By Deborah Fallows
In a recent post, I mentioned that the term “Down East” in Maine has origins in sailing terms, when prevailing winds sent ships from Boston sailing downwind (hence down) to head north along the coast of Maine.
Well, thanks to readers, I’ve learned that there is another Down East; it is down south in Carteret County, along the Atlantic coast around the middle of North Carolina! Just look at the similarities of the coastline in Down East Maine and Down East North Carolina. Here is Maine:
And here is North Carolina:
In both cases, the prevailing west winds mean ships sailing downwind are sailing east, or Down East.
Not to be outdone, a sailor on Long Island writes in about a similar usage. My reader described sailing “up island” when sailing west, or up into the prevailing winds. I’m presuming the opposite also holds true and the prevailing westerly winds sends you sailing downwind, or “down island” out to the east. Sailors out there: is this true?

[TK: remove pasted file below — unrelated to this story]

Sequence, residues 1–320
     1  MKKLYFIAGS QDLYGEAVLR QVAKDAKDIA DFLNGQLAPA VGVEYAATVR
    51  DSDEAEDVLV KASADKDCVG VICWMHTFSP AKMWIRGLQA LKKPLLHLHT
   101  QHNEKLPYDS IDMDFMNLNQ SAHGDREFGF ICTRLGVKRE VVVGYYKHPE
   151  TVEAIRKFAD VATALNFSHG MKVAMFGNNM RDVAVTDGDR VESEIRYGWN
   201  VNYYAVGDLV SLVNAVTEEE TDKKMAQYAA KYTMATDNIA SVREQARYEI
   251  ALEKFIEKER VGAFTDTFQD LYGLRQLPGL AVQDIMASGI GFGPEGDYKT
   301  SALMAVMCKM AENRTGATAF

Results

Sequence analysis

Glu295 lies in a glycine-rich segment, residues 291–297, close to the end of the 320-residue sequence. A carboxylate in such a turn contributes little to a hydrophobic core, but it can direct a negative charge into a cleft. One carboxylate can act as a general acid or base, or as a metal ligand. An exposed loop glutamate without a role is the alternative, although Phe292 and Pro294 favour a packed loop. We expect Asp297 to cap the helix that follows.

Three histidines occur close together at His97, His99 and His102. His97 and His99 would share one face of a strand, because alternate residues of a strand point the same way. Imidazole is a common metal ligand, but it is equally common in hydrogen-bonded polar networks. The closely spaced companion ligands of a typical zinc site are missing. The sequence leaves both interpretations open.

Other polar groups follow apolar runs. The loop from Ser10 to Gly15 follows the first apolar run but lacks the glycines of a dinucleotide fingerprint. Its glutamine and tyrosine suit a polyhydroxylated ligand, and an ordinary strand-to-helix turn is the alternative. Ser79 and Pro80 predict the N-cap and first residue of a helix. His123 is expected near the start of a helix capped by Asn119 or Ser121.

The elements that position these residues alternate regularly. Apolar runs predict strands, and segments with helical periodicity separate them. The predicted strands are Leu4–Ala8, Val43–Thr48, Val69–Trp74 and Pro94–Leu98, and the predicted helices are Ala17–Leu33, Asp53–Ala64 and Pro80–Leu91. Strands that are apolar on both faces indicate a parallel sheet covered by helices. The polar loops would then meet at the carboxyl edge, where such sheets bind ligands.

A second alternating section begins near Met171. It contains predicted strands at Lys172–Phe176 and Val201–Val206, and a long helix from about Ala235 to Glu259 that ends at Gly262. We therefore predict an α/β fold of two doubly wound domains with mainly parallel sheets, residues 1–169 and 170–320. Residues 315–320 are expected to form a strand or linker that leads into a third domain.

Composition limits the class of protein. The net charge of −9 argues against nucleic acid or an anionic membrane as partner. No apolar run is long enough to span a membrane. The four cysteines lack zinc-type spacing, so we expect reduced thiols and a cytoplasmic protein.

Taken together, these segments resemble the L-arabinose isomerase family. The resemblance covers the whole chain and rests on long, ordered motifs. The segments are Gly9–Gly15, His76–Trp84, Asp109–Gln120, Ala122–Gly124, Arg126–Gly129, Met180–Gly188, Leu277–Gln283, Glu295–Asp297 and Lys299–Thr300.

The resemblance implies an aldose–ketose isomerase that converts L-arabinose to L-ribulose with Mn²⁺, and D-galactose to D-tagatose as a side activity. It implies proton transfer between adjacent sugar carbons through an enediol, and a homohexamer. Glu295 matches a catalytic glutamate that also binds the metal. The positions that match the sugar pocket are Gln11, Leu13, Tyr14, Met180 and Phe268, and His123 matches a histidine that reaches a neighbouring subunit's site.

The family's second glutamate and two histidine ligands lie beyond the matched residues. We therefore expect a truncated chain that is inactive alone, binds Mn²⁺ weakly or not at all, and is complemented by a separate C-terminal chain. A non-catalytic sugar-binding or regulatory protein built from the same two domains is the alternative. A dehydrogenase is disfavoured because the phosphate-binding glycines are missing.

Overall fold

I suppose we should scour the Atlantic seaboard to see if there are others areas where you would sail downwind to travel east.
I’m writing this from Down Under, watching the sailboats out in Sydney Harbor. There are stiff winds today, probably about 40 knots, and the flags at the Royal Botanical Gardens indicate southeasterly winds, at least right here.
Any sailing talk about Sydney Harbor becomes complicated very quickly; there are hills and valleys all around the harbor, and many inlets along the main waterway, which lead to the headlands and out into the ocean. The wind must be finicky and shifty, to say the least. It is too much of a brain teaser to imagine what sailing Down East means here Down Under. Anyone?
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